Maybe it is an idea for a service that you can sell. Off markets of sorts.
Just my $0.02

Don’t the implant manufacturers coat every implant nowadays? Is it possible that the expiration date relates to the degradation of these surface coatings over time?

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But then that just goes to the point Scotty is bringing up, Are those coatings not going to come off after implants have been placed, and as such, shouldn’t we be Removing pefectly fine implants and Re-implanting new ones so that we can Charge again? If “Coating” or Surface microporosities break down, then why don’t they break down in Vivo, and hence “Expired” being a made up problem.

Yeah, the coatings “come off” inside the patient, and break down in vivo. That is what they are designed to do. The coatings are there to help with osseointegration, not to provide any long-term benefit after osseointegration. They don’t have any purpose after osseointegration and if there is no coating left a few years, which there won’t be, it doesn’t matter because the implant has already osseointegrated.

However, before implantation if the coatings are degraded due to age, then the implants will presumably not integrate, as well. That is why there is a shelf-life.

Of course, I am only speculating here, as I’m not sure if the coatings really are proven to do anything vs non-coated, and/or whether they do degrade over time. It seems as if implants worked perfectly fine before all these fancy coatings. But, I suspect it’s the coatings which can get degraded over time and this could be why there is an expiration on implants. Even if the coatings haven’t been proven in rigorous studies, the implant companies market the coatings as helping with osseointegration, so they couldn’t possibly allow the implants to be used if the coatings are degraded. This would open up serious legal issues. Again, just speculating here…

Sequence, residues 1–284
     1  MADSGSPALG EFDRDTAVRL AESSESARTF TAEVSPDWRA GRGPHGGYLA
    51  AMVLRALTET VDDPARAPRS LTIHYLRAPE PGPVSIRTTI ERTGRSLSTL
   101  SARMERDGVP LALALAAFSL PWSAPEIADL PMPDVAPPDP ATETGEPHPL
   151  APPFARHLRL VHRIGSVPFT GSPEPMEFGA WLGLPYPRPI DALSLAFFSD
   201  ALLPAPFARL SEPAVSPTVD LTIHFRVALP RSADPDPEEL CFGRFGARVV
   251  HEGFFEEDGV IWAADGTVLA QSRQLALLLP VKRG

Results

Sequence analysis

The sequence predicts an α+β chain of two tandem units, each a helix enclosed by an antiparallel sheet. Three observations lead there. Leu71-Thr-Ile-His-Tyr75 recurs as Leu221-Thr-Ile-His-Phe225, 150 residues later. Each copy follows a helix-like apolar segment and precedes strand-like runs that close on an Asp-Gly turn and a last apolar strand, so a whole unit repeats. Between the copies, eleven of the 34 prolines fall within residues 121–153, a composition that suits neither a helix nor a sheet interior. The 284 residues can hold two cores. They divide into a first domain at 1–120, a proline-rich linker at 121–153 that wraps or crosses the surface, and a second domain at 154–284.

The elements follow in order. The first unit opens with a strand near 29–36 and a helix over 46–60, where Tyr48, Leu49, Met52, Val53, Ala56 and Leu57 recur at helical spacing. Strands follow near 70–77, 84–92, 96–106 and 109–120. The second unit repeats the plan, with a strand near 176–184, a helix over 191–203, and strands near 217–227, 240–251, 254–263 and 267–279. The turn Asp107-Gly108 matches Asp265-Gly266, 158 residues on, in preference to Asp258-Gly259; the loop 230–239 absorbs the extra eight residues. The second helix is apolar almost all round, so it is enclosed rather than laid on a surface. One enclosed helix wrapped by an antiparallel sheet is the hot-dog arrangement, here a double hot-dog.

The way I have always understood it is that the expiration date relates only to the integrity of the sterilization process and has nothing to do with the fixture or any surface treatment to the fixture. The sterilization process can only be guaranteed for a defined period of time but the fixture and its surface are durable. One should be able to resterilize and be fine but… I aint gonna be the one that does this cheap stuff. It does make me wonder though if some savvy minded business person might come along and establish a niche replacing old expired implant fixtures with fresh ones.

So as I mentioned before, I’m actually making calls to the FDA about Plasma gas, hydrogen, peroxide, sterilization, and using it to re-sterilize expired Dental Implants. University of Buffalo already did it but they did it overseas supposedly. I’m looking at two options. One option is that I start a company and do the marketing and start re-sterilizing Dental Implants probably starting out just in the US and Canada. The other option is finding a place that already has a sterilizer and working on, maybe even starting a business with them to resterilize them. They have indicators that show or prove sterilization just like with auto clave the big thing that I need to do is to try to find enough interest. There’s a market for it for me personally would save me hundreds if not a few thousand dollars other option is donating it to a Third World countrywhere they might accept the university of Buffalo premise that unopened expired implants are good for up to 10 years

I think the fact that there is an expiry date on the box, is just there to help the manufacturer keep track of the implants that are out there and has nothing to do with whether or not the sterility has been compromised